TALLINN – Meeting with the Finnish delegation at the EU Agriculture and Fisheries Council in Brussels on Monday, Estonia's Minister of Rural Affairs Urmas Kruuse acknowledged that horticultural peat plays an important role in food production, which makes it difficult to sharply limit the extraction and use of peat.
Peatlands cover more than a fifth of Estonia's land area and peat is exported from Estonia to 120 countries, much of it to the European Union, spokespeople for the Ministry of Rural Affairs in Tallinn said.
"Peat is valued globally because plants can be grown on it with 90 percent less water and 60 percent less fertilizers," the minister said in a press release.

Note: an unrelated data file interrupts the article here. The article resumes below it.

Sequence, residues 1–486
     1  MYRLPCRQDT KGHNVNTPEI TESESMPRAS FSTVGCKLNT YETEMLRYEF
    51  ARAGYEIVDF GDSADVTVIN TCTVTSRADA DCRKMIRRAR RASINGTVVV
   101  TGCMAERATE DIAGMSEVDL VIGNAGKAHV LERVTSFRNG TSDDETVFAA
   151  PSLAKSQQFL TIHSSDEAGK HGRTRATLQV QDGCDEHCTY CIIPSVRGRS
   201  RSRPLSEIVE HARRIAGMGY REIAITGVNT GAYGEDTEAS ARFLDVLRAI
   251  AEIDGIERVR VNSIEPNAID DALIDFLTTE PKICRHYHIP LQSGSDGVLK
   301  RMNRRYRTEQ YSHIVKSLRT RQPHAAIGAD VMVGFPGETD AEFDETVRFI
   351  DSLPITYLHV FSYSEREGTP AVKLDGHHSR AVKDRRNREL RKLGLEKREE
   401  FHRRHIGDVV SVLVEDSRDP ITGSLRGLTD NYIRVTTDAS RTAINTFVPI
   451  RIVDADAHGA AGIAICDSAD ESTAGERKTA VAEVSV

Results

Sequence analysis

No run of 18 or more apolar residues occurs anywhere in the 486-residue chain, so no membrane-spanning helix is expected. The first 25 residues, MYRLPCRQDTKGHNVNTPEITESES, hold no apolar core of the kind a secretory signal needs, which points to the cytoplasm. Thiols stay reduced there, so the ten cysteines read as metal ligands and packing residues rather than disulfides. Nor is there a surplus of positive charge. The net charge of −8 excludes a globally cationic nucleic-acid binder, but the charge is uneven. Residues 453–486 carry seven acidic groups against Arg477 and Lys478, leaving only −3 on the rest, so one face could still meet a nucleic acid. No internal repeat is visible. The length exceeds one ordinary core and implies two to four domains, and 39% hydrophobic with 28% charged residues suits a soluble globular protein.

According to Kruuse, increasing the value-added of peat should be encouraged and alternatives to peat as a widely used substrate should be more actively sought.
"Research and development projects must be carried out to investigate which substances, materials and technologies can replace peat in horticulture," the minister emphasized. He said we also need to turn to scientists to find ways to reduce emissions from peat use.
According to the minister, Estonian peat producers pay a lot of attention to climate targets.
"Peat can be recycled as a substrate; part of the used peat can be stored in swamps under restoration or used to make new products," Kruuse said, adding that business models based on the circular economy are becoming increasingly important and peat producers have a role to play in this.